When the shows grew a bit in popularity, and outgrew the first couple of venues, they moved to a farm, and later an estate, of one of its members, G. Harrison Frazer, Jr. They were still very personal and cozy in scale.  The Fraziers are credited with the atmosphere of Eastern Pennsylvania country estate hospitality, which Montgomery miraculously retained in spite of its ballooning scale.

When my husband and I were absorbing its magic for the first time, the show was held at a campus of Temple University in its 20-something year at that location.  Less than ten years later, due to its forever growing popularity, and increasing difficulties with parking space, the show was moved to the grounds of Montgomery County Community College in Blue Bell, Pennsylvania.  As big and prestigious as the show is, it is still by and large a terrier fancier secret. Shhhh….

Contrary to my initial misconceptions, the show is so much more than a canine beauty pageant. The essence of Montgomery is a gathering of people, who genuinely and deeply care for their terriers; people whose lives are defined to a great extent by a hobby of breeding them; people whose main focus is to preserve and improve their beloved breeds. Sure, there is judging, and winning, and trophies; big and bigger egos. But first and foremost, it is a breeder’s showcase.  Most people come to Montgomery not so much to win a ribbon, but to show off their dogs to other breeders, to see other dogs, to catch up on the whereabouts of old friends, and to bore all the outsiders with fine points of the game.  I know it will sound plain, but the show is really about terriers. A win at Montgomery is an icing on a very sumptuous cake.

It was easy to see a genuine affection dogs were showered with. Most of the terriers visibly enjoyed the excitement of seeing the crowd of people and dogs, of spending a day with their humans, of getting attention from others.

I was so enchanted, that if anyone was to predict I was never to skip a single Montgomery from that day on, I would have not batted an eye.  I instantly absorbed its magnetic appeal.

IMG_2052It was an unforgettable experience in no small part because that was where we met Norwich and Norfolk terriers in flesh for the very first time.  On your first encounter Norwich Terriers can be noisy, hyper and scream for your attention with all they’ve got.  They will wiggle, “talk” to you, jump up and run circles and, if only given a chance, shower you with doggy kisses.  What is there not to like?  I will tell you what – lots of that every day, every time you were absent, no matter for how a ridiculously brief moment.  You have to be a person who would enjoy that.  Of course I missed all the warning signs.  I was hooked.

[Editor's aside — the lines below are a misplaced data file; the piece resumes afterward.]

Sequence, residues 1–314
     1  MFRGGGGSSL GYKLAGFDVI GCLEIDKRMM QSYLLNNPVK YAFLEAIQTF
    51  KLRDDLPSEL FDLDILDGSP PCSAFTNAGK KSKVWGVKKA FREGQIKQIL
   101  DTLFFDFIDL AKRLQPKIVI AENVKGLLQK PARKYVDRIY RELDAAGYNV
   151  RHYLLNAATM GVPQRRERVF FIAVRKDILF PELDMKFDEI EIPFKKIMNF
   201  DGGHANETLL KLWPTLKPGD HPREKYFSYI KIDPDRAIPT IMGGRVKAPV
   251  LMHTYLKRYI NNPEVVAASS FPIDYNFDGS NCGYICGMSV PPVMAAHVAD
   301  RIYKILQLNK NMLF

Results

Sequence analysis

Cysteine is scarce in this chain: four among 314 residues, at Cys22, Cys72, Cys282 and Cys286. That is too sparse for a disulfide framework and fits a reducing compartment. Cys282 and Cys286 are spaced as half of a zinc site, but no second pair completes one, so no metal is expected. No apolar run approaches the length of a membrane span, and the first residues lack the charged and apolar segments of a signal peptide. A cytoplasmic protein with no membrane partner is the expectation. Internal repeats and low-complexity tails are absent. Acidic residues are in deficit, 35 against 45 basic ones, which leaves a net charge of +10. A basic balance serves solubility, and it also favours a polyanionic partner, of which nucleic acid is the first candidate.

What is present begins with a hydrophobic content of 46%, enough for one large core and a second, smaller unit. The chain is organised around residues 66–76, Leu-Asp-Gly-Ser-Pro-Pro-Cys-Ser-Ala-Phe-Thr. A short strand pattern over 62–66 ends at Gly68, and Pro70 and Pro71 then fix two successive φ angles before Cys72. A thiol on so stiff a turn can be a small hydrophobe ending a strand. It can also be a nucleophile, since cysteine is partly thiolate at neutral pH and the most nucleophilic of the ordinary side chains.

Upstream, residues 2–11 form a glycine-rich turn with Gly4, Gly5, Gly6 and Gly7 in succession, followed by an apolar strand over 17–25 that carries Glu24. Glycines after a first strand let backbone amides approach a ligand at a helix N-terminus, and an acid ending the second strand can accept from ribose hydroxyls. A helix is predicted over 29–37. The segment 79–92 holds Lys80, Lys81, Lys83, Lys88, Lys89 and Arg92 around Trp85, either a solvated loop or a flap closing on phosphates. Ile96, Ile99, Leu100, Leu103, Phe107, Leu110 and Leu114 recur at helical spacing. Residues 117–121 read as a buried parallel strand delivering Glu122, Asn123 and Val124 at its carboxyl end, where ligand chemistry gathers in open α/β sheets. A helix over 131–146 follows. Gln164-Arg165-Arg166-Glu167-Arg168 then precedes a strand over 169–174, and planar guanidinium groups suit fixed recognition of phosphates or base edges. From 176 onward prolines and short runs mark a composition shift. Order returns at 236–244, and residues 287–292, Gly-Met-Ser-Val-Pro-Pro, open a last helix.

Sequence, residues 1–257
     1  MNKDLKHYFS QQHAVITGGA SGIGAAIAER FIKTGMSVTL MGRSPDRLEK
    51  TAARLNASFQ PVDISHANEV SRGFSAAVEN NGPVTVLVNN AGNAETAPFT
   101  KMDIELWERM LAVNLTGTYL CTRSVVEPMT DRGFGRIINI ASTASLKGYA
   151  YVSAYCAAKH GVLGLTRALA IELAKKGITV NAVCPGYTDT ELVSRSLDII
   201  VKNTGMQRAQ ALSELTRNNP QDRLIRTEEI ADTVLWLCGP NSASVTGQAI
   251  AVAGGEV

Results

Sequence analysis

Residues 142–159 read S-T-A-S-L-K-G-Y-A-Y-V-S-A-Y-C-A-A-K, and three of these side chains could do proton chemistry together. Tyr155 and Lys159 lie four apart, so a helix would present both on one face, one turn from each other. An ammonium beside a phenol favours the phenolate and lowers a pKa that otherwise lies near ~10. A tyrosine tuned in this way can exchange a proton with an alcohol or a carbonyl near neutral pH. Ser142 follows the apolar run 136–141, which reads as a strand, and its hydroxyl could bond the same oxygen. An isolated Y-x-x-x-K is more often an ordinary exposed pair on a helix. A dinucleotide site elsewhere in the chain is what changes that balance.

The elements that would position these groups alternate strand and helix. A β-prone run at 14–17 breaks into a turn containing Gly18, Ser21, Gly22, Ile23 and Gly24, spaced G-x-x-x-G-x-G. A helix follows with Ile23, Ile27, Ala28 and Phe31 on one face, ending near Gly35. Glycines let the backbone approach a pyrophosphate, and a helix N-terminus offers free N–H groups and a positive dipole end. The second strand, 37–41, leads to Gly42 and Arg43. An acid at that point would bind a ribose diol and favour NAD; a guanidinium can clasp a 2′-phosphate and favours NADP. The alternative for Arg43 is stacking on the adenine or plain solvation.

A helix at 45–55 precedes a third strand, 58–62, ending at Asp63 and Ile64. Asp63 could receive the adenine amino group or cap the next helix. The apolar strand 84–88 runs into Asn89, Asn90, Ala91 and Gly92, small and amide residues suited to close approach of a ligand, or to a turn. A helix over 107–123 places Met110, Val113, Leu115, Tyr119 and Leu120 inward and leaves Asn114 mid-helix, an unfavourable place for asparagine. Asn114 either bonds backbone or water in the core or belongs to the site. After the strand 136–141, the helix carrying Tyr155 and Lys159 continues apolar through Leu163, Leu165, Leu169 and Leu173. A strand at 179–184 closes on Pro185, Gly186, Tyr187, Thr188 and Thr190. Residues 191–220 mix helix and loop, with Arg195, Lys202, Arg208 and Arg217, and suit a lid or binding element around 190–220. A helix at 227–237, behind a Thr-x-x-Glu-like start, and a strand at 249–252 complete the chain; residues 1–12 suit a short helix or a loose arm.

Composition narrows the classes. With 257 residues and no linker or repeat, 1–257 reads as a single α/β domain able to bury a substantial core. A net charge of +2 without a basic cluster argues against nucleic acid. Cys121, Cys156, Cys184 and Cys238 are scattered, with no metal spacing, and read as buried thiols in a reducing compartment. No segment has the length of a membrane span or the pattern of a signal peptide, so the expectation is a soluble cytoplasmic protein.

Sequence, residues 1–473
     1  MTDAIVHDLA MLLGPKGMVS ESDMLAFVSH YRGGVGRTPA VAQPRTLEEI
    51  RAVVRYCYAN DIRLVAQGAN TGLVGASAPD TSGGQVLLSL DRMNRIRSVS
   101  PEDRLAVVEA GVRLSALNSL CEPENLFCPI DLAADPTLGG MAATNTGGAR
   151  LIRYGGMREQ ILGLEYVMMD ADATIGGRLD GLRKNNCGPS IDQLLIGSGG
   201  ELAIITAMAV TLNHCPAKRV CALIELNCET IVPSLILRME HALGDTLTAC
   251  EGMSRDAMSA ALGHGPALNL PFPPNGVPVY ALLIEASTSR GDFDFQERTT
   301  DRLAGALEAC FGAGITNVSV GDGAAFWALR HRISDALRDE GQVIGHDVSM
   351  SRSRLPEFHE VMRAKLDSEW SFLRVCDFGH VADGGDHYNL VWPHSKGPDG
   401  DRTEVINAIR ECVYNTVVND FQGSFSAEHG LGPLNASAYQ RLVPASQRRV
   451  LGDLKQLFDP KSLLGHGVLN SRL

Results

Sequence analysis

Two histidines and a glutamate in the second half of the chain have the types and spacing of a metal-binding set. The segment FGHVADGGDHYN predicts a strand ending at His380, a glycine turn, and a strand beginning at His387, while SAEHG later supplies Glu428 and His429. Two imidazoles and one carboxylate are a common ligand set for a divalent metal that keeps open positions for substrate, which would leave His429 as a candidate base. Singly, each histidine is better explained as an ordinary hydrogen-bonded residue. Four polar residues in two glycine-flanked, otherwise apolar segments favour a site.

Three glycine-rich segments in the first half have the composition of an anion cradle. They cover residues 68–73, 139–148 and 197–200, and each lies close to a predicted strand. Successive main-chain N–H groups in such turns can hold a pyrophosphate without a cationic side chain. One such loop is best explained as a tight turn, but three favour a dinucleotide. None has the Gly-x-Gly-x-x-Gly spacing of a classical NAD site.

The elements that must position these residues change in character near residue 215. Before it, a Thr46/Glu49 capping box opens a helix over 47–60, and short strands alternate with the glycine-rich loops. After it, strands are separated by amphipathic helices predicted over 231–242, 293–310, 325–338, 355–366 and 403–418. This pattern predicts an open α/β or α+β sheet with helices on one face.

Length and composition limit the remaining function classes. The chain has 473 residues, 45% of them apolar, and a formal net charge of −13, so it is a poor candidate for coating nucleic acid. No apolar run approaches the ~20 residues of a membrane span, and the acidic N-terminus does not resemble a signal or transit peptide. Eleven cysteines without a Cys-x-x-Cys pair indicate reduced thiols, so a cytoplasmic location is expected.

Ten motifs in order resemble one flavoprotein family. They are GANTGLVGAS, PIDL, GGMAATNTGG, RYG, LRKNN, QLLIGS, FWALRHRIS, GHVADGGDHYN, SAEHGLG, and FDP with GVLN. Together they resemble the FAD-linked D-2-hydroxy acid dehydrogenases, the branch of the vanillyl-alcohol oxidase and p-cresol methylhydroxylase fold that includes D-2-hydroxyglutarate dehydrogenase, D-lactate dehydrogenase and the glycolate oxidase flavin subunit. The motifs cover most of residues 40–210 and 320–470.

I knew that if I was to be successful in getting the little scruffy dog I had to make some concessions.  I decided I would be happy with either a Norwich or a Norfolk terrier; boy or girl; red, grizzle or black and tan.  Michael was still mentioning a bigger dog, and when speaking of terriers he was gravitating dangerously too close to an Australian terrier ring. I had to hustle. Now I had the little dog under my skin.  It was burning me with unyielding desire.

At Montgomery we made contacts with breeders, who were all pleasant and generous with their time. We petted many terriers, and returned home with a strong resolve. Mine was to convince some breeder to entrust me with a Norfolk or a Norwich Terrier, Michael’s was to find an Australian Terrier puppy for us.

After a letter and e-mail writing campaign, and a couple of strong endorsements from friends involved in dog breeding and dog rescue, I finally got in touch with a Norwich breeder willing to sell me a dog.  I was getting a male puppy.  I was warned that he was exceedingly shy.  To the breeder, my interest in getting involved with dog sports seemed like a good match for the puppy that needed to be coaxed out of his shell. In my own thoughts, my interest in having a high drive puppy became instantly secondary to euphoria of being promised any Norwich at all.

I swallowed hard when I heard the price.  In my mind I quickly translated the cost of owning a Norwich Terrier into a 5-day Caribbean vacation for two.  It was also equivalent to two thousand pounds of Navel oranges, or the 52-piece fine China dinnerware, which for weeks I had been window shopping for. I stuck with the oranges in my mind.  Who needs two thousand pounds of oranges?  I was going to be perfectly fine without the ridiculous amount of citrus.

baby Biskit

baby Biskit – my first Norwich Terrier

It was a trade I never regretted.

Post Scriptum in photos:


A win at Montgomery is a huge thrill to a terrier fancier. This is Dash, my home-bred Winners Dog at Montgomery, expertly shown by Lori Pelletier in 2008.


A friend snapped this photo of me while I was showing Holly in a bred-by class at Montgomery, probably in 2006. The absolutely biggest joy is showing a dog that enjoys being shown.

Posted in Dog Shows | Tagged , | 1 Comment

What Might Surprise You About Vaccines

I’m overhearing a conversation while in the waiting room at a vet’s office.

“Spot is going to a boarding kennel tomorrow and they require his yearly shots to be up-to-date. Oh, and a kennel cough vaccine” says a dog owner while looking at her cell phone, clearly in a rush.

The receptionist is responding with an explanation that this vet practice requires a vaccine visit 2 weeks before a planned boarding of a dog.

”What’s the difference? He’s here now,” says Spot’s owner, her voice betraying annoyance.